Since it’s development in 1984, the Prostate Specific Antigen (PSA) blood test has revolutionized diagnosis, treatment, and follow-up for prostate cancer patients. The PSA blood test measures an enzyme produced in the prostate gland that can provide a marker of possible prostate cancer. With the availability of PSA testing, the incidence of advanced-stage prostate cancer decreased markedly, and by 2011, the U.S. saw an all-time low in prostate cancer deaths.
Change in Task Force screening recommendations
However, the U.S. Preventative Services Task Force (USPSTF) suggested that PSA testing could lead to unnecessary biopsies and treatment of insignificant cancers. The volunteer panel of experts revised its prostate cancer screening recommendations twice, advising against routine PSA testing for older men in 2008, and for all men in 2012. The revised USPSTF guidelines have resulted in fewer men being offered periodic PSA—and digital rectal examination (DRE)— even at annual physicals.
How reduced screening affects men
Data is now emerging about the possible effects of USPSTF’s revised guidelines. With the substantial decline in PSA screening across all age groups, the overall rates of prostate biopsy and prostate cancer incidence (the number of men diagnosed) have also decreased.
Yet, with less screening, there has been a significant rise in the rate of men who are now requiring treatment for more advanced prostate cancers, men who missed early stage detection and treatment. This phenomenon has also been observed at Chicago Prostate Cancer Center (CPCC).
A recent review of the impact of the change in screening guidelines suggests critical misinterpretations of the evidence base regarding benefits and harms of PSA screening. The authors call for more long-term followup and “smarter screening”, rather than either “screen all” or “screen none” decisions. Of special concern are younger men who benefit the most from early detection and treatment, since early onset prostate cancer is more likely to be aggressive and fast growing.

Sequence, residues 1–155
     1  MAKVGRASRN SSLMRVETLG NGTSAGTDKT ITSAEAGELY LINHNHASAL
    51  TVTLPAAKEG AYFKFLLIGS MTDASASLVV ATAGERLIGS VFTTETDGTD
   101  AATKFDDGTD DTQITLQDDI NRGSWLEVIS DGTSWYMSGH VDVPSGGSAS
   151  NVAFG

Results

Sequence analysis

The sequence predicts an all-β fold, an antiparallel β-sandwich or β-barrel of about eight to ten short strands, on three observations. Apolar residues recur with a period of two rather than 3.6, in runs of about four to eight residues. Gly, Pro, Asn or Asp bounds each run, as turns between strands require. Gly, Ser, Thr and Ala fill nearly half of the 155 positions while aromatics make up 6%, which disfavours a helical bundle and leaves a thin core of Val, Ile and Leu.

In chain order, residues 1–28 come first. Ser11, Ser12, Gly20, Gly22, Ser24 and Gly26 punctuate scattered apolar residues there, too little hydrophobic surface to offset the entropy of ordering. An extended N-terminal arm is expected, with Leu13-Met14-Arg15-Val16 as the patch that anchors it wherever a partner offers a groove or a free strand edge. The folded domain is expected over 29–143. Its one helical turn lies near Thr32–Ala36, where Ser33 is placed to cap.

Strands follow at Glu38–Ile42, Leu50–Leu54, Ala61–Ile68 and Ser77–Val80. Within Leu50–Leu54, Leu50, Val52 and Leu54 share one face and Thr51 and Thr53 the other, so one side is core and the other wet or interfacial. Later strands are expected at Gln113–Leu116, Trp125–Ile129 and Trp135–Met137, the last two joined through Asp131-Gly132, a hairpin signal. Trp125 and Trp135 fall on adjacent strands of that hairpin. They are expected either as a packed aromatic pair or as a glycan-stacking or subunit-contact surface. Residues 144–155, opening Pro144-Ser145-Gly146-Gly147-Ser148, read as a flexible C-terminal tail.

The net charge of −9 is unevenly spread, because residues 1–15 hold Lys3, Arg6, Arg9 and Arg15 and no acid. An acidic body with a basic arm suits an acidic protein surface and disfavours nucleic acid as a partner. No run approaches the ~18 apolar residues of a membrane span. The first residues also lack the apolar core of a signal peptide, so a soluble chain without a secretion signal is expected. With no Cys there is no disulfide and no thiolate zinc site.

Other researchers have demonstrated it was indeed policy changes that decreased screening, rather than changes in practice patterns among specialists. In other words, men who receive screening and are diagnosed with prostate cancer are being treated as usual. The authors concluded that between 2007 and 2012, the sharp decline seen in prostate cancer treatment was due in large part to prostate cancers going undetected—and therefore not being treated— due to lack of screening.
CPCC endorses smart screening
CPCC also maintains that timely prostate cancer screening continues to be important to identify carcinomas before they have time to advance in stage, or metastasize outside of the prostate to other body organs, becoming more difficult to treat.
At CPCC, screening includes both PSA and digital rectal examination (DRE), which can uncover abnormalities associated with prostate cancer even with a normal PSA level. DRE has the hidden benefit of uncovering clinically significant rectal tumors. Colorectal cancer represents 8% of all new cancers, which are also more successfully treated if detected at an early stage.
Screening and diagnosis
Both PSA and DRE are considered along with a man’s family history, race, age, and lifestyle, to help determine the need to monitor PSA over time or to obtain a biopsy sample of the prostate gland to definitively test for cancerous cells. A combination of factors may point to further, genomic testing of biopsy tissue to help determine the likelihood that a cancer will advance in stage.
Advocating prostate cancer screening, CPCC provides clinical staff for an annual free screening event hosted with Prostate Cancer Foundation of Chicago (PCFC). The event typically serves over 60 men, as part of CPCC efforts to work hand-in-hand with PCFC for community outreach, patient support, research and education efforts.
For more information on prostate cancer and treatment, or to schedule a consultation, contact CPCC at 630-654-2515.